Students, Staff and Hackers co-create EdTech of the future.

Back in September we sponsored our first hackathon and this is where I was introduced to Fares Alaboud who is a member of the Unitu team.

Unitu is a platform built by students for students. It allows students and university staff to work together to close the feedback loop. They have created a private space where students can raise their concerns about their module e.g. having issues find reading lists for your module. All department staff get notified of any Issues raised and therefore can resolve them in a timely manner.

They then decided to run their first hackathon on 8th November where they brought together students and staff from university departments to create/develop solutions for challenges they see in their universities. The judges were looking for ideas that solved real world problems in higher education. The hacks had to be effective and had demonstrate that the impact it would have on both students and staff.

Some of the hacks that stand out was a tool called CourseFeed which provided notifications of live lecture uploads from KEATS (Kings E-Learning & Teaching Service). Another excellent hack decided to move from the lecture theatre to the kitchen. They tackled that problem all students have when they begin college: cooking. UniCook wanted to provide students with a mechanism of converting ingredients in your fridge into a recipe.


Post prize giving group shot

Princess - the Hack Cat

Princess – the Hack Cat

Lukas Ondrej, Artemis D’Arcy, Jordan Thomas and Oskar Bzoma came together and created the winning hack by building an online collaborative platform called EduTrail. EduTrail allows students to search for a particular subject and gain access to questions already answered by other users in a chat room style. The vision was to be be able to plug into any MOOC or other linked resources such as your Mendeley account. The team felt that there was a need to improve collaborative learning as universities systems were often oriented more around self study. This often leads to students feeling isolated and can slow down students research.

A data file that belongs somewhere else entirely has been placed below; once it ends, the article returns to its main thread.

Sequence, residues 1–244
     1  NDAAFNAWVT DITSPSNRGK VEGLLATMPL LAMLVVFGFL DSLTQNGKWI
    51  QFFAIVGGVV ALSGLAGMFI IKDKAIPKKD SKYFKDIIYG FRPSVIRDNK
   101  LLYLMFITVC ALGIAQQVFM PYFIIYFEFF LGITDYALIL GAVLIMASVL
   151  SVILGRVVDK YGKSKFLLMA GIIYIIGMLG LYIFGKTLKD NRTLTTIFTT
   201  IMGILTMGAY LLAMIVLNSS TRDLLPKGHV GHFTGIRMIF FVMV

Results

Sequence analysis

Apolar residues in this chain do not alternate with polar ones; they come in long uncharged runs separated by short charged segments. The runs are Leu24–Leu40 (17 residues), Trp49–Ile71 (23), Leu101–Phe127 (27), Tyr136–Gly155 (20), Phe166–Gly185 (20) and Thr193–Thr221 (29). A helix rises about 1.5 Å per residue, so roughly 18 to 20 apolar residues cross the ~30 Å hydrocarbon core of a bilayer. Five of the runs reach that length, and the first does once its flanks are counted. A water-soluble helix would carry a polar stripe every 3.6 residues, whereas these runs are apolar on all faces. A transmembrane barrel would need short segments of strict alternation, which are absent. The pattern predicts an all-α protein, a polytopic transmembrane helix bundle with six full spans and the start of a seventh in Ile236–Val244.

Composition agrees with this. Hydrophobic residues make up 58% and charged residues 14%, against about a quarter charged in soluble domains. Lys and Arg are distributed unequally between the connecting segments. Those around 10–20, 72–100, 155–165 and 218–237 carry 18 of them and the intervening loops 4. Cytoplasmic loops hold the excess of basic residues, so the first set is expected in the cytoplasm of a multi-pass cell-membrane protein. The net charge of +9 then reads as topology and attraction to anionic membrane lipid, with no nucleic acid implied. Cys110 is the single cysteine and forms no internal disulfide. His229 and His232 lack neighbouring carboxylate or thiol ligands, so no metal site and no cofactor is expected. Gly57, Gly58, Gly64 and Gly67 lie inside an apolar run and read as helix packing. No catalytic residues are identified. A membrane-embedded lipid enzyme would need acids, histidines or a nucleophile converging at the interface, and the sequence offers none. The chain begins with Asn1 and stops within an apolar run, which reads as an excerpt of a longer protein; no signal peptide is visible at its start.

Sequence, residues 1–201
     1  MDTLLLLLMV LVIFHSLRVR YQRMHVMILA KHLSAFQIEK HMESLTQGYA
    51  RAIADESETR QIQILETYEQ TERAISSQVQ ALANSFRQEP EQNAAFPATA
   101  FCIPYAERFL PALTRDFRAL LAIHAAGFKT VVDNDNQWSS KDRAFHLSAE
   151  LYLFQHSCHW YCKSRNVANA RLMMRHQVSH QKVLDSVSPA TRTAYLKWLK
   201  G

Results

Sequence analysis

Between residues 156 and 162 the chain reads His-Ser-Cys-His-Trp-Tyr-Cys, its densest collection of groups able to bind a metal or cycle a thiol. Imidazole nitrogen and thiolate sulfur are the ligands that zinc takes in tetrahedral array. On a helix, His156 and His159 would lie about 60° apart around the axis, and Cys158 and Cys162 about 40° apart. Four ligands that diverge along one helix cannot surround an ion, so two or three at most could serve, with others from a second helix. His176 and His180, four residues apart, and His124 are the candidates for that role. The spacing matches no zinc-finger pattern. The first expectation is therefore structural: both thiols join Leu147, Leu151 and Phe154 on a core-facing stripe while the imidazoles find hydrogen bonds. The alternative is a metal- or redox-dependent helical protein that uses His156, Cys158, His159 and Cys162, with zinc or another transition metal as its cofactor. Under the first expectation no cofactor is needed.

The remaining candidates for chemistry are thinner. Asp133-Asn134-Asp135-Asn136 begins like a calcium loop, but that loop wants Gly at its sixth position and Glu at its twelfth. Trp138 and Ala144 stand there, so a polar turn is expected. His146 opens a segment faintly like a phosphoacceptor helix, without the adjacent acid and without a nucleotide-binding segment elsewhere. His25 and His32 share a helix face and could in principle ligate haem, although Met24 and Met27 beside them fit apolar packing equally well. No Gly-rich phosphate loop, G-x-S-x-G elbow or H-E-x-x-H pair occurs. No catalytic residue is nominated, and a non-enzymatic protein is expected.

The event was such as success that during the prize giving one of the judges, Mischa Dohler (Head of the Centre for Telecommunications Research, Kings College London) announced that every team was invited to trial their solutions at his department.

I really hope to see more hacks like this in the future where students and staff collaborate and change they way students learn in the classroom.

Read more here

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About Joyce-Stack - Developer Outreach

Joyce Stack completed a BSc. (Hons) Computer Science from The Open University while working in a startup in Co. Cork, Ireland. She moved to London in 2005 to join one of the City’s leading exponents of agile techniques at that time to work as a Java Developer. She is now working in the Developer Outreach role in Mendeley where her responsibilities are to meet and educate developers about the Mendeley API, attend conferences, meetups and hackathons and basically be the face of the API. She is passionate about providing an excellent developer experience and APIs. She likes biking, swimming and yoga but she hates potatoes despite being Irish.